It is apparently the law that any article that mentions weight in any way must be accompanied by a Headless Fatty photo. To Reuters' credit, they seem to have removed the photo that originally headed the article, but rest assured that they stayed well within the parameters of that unbreakable law. The photo was of two very large women in bathing suits at the pool, their backs turned.

Not only is the Headless Fatty photo dehumanizing and offensive - click the link for more on that - but it's also total bullshit. The ubiquitous Headless Fatty, first of all, is a human being, who in all likelihood did not ask or intend to represent a public health crisis, and who, without her consent, now finds herself the subject of disgust and ridicule in international news. That's the important thing. But also? Most overweight and obese people do not look like the Headless Fatty. The Headless Fatty is much, much fatter than the vast majority of overweight and obese Americans, which makes the use of her photo to accompany these types of news stories completely inaccurate and misleading. It's like if you wrote an article about how it's been raining a little more this year than it did last year, and then you illustrated it with a picture of a hurricane. (I struggled for a while with that analogy, and I'm still not happy with it, because it seems to imply that hurricanes and morbidly obese people have similarly devastating effects. If you have a better suggestion, feel free to leave it below.)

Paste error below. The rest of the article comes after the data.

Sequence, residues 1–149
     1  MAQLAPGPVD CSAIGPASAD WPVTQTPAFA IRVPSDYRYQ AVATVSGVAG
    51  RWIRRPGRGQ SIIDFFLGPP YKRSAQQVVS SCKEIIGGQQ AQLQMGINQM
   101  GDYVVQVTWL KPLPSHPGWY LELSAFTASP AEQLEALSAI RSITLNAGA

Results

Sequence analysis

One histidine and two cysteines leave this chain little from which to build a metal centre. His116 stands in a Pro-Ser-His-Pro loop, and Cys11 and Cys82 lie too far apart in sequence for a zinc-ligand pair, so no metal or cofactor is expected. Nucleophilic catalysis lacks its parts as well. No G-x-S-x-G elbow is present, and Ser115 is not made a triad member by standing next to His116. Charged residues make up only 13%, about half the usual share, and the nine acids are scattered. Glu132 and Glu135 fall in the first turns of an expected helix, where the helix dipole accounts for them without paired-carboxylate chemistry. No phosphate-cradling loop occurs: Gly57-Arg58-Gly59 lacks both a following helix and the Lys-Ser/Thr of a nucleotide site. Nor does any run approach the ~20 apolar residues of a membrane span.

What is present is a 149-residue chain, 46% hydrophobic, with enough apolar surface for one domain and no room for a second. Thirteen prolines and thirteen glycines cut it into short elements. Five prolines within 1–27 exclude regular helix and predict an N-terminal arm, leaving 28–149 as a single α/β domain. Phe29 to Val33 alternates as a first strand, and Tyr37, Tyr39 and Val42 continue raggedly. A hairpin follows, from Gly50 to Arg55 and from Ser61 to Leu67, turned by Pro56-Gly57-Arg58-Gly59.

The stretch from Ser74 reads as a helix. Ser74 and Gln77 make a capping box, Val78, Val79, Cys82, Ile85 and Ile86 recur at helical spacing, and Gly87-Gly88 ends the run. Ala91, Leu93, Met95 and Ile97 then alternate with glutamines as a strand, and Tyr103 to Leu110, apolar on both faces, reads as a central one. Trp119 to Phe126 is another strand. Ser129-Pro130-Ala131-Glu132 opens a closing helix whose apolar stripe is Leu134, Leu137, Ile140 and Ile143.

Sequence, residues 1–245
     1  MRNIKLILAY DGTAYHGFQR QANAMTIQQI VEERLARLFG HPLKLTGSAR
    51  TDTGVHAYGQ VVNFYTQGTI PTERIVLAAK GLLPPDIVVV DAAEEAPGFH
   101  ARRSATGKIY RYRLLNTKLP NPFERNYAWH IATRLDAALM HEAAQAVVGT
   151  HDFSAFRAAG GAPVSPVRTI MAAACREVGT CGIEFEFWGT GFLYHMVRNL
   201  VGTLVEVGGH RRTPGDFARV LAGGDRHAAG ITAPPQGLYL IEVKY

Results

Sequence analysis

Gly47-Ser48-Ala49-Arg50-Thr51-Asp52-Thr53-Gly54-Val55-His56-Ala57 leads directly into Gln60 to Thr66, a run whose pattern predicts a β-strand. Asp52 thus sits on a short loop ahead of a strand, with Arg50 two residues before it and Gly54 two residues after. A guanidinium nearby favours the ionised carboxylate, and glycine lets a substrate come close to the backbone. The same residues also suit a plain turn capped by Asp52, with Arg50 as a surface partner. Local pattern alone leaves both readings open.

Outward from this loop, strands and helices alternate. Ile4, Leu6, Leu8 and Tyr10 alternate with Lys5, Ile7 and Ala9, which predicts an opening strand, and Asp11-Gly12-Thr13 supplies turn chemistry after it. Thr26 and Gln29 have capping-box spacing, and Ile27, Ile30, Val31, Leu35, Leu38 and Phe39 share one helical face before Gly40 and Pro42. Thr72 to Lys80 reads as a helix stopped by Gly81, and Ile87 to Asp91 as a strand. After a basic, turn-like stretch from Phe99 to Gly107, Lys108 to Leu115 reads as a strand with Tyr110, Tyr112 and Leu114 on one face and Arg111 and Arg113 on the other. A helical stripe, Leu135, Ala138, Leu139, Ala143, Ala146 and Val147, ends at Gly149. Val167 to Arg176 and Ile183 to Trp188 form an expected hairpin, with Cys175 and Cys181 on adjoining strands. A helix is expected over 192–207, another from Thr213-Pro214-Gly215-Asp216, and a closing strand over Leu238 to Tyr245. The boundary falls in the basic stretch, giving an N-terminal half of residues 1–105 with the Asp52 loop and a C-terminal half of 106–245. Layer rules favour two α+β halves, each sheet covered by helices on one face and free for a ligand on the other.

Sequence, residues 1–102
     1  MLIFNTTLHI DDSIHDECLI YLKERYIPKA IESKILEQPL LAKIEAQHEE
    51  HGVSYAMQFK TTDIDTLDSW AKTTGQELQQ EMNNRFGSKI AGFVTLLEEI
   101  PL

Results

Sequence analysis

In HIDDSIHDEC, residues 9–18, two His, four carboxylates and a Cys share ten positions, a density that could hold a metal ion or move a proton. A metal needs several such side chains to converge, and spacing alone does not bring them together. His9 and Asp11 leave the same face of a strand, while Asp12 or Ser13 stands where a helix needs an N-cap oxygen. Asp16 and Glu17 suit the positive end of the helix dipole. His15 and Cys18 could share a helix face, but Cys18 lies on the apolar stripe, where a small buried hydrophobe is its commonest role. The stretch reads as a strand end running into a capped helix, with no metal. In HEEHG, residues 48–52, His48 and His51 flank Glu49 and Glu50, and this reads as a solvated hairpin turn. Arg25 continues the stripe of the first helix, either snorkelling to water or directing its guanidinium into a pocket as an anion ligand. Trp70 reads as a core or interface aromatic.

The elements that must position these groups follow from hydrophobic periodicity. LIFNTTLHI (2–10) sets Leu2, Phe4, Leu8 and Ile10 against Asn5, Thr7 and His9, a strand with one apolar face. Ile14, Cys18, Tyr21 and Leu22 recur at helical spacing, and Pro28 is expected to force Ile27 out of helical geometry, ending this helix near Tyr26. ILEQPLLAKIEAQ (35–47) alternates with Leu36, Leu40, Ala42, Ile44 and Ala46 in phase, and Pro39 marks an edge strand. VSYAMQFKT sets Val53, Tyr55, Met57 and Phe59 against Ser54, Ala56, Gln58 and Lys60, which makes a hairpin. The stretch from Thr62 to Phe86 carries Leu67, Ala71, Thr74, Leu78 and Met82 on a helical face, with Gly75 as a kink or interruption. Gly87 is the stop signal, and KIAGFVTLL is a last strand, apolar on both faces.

Obesity Crisis Media Hypery Method #3: Dole out completely unrealistic "advice" that will solve this public health crisis.

Still worried about being slightly fatter in 15 years than you are now? Don't worry; there's a solution. Just spend seven hours a week exercising.

Ok, on its face, I guess that doesn't seem like that much. An hour a day? Ok. But let's break this down. Compared to a lot of people, I am really not that busy. I work, but only about 44 hours a week; I go to school, but only part-time; I don't have kids; and my social calendar is relatively sparse on account of my being a prematurely elderly lady who doesn't like to go to bed past 11. But even I would have trouble meeting this goal. Why? Partly it's because I'm as lazy as a housecat, but mostly, it's because I have other shit I like to do.

Here's what the researchers suggest:

"I think the easiest thing is actually commuting," she said, suggesting people walk or bike to work, and if they drive, to park farther away from the office.